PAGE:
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2015….Year Ahead

The New Year brings with it hope and optimism. After a blockbuster 2014, investors are eager to know what 2015 holds in store. Indeed, after an index gain of nearly 30% last year, the good times could well continue, at least in the near term.In the words of legendary value investor, Sir John Templeton: "Bull markets are born in pessimism, grow on scepticism, mature on optimism and end in euphoria". In other words, the best time to invest is when there is pessimism all around because that's when stocks are cheap.

The year 2014 witnessed lowest amount of money raised in a decade! However, the lackluster trends in the primary market can largely be attributed to the time taken in IPO formalities. As the reform expectations bring retail investors back to the markets, a new wave of confidence has taken over the companies that are ready to raise money this year. As such, 2015 will be a different story for IPO market it seems.

In an era where the developed world is still battling inflation and the central banks are only combating this through loose monetary policies, global investors are looking at opportunities outside of these countries. Naturally, emerging economies such as India and China among others are finding considerable favour.

Foreign institutional investors (FIIs) have been pouring money into the Indian stockmarkets on the back of the Modi wave. After 2 years of considerable slowdown under the reign of the largely ineffective UPA government, considerable hopes have been pinned on the Modi government to unleash reforms and kick start economic growth in the country.

Since Indian stock markets have always been influenced by foreign money, the surge of liquidity has led to considerable run up in stock prices. Therefore, will this rally last or are Indian markets ripe for correction? Further, how does the performance of the Indian indices compare with that of China?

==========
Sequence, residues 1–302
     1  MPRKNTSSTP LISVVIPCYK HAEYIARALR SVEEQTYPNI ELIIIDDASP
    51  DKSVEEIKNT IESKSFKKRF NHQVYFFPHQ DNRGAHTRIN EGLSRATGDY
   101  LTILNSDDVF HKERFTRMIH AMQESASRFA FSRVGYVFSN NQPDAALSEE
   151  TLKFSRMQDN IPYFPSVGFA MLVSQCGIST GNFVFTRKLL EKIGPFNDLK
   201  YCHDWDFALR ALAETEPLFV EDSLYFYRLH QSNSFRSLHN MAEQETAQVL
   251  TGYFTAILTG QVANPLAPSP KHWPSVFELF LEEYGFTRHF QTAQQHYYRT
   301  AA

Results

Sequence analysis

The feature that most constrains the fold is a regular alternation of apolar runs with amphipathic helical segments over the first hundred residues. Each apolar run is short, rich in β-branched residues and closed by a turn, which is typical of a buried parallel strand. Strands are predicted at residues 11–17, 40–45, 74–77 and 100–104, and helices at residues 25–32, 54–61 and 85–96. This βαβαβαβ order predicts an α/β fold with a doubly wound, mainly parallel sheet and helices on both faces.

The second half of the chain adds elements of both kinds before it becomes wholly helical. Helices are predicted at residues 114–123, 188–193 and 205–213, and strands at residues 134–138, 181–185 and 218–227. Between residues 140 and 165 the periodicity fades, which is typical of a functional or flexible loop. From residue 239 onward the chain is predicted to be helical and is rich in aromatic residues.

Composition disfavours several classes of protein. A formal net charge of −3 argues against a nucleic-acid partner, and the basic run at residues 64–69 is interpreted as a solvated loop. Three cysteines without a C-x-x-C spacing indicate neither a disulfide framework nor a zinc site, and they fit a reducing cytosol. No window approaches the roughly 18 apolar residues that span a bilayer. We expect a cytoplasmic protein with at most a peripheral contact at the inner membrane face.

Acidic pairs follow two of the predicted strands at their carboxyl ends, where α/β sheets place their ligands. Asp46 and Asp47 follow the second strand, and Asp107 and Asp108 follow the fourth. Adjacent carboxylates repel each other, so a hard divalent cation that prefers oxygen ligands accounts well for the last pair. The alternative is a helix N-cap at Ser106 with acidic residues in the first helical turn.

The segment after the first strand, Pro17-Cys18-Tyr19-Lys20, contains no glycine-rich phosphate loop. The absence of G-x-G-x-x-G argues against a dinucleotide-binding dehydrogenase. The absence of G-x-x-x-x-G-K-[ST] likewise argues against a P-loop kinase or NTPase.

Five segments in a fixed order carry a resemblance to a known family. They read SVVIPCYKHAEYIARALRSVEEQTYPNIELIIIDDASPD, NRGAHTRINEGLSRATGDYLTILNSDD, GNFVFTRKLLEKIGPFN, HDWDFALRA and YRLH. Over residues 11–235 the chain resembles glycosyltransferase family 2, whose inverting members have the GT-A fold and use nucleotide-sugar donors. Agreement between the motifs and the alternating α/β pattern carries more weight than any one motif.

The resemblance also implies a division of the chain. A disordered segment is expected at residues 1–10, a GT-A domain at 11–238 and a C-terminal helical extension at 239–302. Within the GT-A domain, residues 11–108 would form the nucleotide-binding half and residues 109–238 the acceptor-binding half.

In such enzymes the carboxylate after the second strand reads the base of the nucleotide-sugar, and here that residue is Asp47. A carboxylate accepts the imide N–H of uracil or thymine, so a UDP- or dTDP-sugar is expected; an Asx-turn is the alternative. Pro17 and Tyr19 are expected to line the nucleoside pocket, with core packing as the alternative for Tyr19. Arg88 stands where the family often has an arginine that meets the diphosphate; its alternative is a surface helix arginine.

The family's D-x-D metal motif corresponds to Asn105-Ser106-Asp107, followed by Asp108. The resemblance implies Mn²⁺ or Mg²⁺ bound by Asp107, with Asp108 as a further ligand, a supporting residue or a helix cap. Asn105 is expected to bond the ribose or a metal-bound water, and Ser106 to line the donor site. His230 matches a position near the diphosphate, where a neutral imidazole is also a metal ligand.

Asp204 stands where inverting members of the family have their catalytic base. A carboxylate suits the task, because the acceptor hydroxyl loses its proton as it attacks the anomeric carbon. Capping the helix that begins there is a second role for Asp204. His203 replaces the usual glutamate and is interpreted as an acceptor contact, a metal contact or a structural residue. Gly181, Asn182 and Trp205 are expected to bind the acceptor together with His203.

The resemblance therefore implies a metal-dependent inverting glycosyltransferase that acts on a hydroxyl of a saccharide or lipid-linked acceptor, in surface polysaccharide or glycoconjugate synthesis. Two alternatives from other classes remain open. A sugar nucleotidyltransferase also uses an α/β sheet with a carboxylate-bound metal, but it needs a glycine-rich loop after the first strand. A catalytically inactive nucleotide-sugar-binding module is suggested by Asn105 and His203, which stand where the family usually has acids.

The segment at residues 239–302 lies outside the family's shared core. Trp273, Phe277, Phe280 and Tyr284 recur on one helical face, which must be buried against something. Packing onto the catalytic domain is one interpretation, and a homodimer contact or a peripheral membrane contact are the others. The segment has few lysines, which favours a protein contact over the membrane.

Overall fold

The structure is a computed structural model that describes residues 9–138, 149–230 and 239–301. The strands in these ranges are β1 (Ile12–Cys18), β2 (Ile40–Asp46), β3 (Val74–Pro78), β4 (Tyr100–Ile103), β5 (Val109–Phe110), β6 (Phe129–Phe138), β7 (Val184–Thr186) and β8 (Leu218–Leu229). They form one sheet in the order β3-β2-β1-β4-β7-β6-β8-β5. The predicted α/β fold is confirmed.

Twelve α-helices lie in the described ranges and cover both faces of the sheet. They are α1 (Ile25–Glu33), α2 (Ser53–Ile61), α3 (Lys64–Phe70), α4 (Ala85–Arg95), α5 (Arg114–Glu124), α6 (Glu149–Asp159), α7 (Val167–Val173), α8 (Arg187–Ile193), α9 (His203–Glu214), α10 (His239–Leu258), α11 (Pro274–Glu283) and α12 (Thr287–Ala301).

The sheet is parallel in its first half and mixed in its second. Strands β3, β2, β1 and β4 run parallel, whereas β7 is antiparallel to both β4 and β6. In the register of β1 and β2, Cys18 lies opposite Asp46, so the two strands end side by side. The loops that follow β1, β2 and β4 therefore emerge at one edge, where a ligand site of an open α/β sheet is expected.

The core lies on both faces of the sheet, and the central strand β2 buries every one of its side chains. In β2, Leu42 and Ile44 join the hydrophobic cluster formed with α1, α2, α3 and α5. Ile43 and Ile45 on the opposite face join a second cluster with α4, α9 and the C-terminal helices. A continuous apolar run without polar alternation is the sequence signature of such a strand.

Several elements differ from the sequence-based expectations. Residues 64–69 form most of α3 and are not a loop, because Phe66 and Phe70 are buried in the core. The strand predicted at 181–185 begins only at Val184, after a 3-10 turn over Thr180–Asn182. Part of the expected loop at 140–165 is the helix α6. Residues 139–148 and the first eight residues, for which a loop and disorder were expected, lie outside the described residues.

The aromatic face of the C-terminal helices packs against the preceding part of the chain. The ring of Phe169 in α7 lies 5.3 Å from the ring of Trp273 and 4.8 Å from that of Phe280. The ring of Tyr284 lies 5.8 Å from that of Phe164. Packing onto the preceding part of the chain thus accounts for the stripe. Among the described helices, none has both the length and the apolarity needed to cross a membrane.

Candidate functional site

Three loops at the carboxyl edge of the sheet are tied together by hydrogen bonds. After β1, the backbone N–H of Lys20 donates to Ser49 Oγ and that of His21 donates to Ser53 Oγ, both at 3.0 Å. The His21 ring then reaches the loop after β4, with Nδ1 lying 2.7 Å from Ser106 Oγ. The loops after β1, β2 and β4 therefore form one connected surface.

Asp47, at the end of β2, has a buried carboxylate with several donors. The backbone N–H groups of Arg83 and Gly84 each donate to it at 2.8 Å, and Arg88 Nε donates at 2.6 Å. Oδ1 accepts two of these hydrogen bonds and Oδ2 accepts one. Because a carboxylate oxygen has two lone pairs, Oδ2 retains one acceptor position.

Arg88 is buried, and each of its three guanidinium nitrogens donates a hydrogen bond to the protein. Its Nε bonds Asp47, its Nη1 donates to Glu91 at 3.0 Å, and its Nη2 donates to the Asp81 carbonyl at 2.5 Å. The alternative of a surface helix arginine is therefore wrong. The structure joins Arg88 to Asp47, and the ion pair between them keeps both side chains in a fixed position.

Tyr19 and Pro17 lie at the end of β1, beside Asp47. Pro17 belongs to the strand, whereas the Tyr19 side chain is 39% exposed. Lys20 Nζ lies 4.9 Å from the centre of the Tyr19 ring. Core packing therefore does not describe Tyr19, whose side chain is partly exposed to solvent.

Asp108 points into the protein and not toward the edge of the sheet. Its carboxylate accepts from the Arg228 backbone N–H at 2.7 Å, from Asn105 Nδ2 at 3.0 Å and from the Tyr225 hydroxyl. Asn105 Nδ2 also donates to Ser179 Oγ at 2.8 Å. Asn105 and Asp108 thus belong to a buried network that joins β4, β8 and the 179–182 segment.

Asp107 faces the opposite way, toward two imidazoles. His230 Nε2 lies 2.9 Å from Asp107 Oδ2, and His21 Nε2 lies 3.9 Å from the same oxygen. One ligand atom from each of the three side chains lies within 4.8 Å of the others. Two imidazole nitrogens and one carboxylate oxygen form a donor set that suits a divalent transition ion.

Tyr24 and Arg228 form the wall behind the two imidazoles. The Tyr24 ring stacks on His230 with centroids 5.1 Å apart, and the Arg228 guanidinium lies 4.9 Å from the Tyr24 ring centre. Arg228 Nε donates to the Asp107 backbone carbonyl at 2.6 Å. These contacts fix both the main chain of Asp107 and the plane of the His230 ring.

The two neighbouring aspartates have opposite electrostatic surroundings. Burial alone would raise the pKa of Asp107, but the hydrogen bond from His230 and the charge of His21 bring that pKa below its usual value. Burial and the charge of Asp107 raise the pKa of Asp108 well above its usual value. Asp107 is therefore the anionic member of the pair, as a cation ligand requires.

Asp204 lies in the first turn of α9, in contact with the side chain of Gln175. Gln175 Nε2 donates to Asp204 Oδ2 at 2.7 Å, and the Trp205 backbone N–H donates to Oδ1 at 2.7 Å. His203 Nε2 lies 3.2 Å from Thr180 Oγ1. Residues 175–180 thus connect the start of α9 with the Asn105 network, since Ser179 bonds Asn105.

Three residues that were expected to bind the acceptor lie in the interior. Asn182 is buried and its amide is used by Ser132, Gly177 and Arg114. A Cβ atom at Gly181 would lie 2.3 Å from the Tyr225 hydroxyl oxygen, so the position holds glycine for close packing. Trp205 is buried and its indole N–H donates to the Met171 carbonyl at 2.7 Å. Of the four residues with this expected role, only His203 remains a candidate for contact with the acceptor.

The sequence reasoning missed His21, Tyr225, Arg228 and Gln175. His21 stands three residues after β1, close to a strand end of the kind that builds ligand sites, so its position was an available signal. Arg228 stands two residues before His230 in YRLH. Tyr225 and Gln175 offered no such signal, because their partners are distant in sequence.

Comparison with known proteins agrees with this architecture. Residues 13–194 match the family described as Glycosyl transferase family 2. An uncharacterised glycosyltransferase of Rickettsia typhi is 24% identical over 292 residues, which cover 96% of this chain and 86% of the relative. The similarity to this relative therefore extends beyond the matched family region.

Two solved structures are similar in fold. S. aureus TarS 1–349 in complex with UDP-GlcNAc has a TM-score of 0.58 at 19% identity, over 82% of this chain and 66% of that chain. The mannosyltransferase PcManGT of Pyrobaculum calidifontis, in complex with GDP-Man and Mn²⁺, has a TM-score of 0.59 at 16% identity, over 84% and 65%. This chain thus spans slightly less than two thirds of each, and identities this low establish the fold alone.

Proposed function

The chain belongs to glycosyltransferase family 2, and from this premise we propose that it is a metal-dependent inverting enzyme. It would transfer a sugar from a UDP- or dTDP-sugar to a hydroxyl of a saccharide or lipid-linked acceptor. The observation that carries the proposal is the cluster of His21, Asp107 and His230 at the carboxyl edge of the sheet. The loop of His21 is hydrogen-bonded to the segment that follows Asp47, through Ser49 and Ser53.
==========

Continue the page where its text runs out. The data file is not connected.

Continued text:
Let us examine the second question first. As reported in the Economic Times, the past month has seen a huge jump in the Chinese stock markets. Indeed, Chinese markets have gained around 25% in the period, while Indian indices have gained a mere 1%. It has also been estimated that China's valuations are cheaper as compared to India based on one year forward earnings. In such a scenario, it is quite possible that FIIs may prefer to invest in Chinese equities as compared to Indian stock markets in the coming months. And the kind of money that has been pouring into India will see some sort of a pause.

Having said that, the notion of valuations in China being cheaper does not necessarily make it an attractive destination. Commodity prices crashing, wasteful investments and a possible debt bubble are all problems that make China a ticking time bomb.

The rise in stock prices has also been quite unprecedented in China. As reported on Bloomberg, the value of shares changing hands on China's two biggest exchanges exceeded 1 trillion Yuan (around US$ 162 bn) for the first time Last month. This is more than five times the average daily turnover during the past three years. In Shanghai, trading values have increased threefold when compared to the market's peak in 2007. Thus, the idea that China's valuations are cheaper based on forward earnings should be taken with a pinch of salt we believe.

India, in the meanwhile, has seen valuations become rich even though on the ground level economic activity is yet to significantly pick up. We are not saying this will not happen. The growth story very much remains intact. But the stock prices do seem to have run ahead of fundamentals somewhat. And we will not be surprised if some sort of a correction does take place.


These deal indications are only advisory in nature and may not be true in 100% cases. Read more....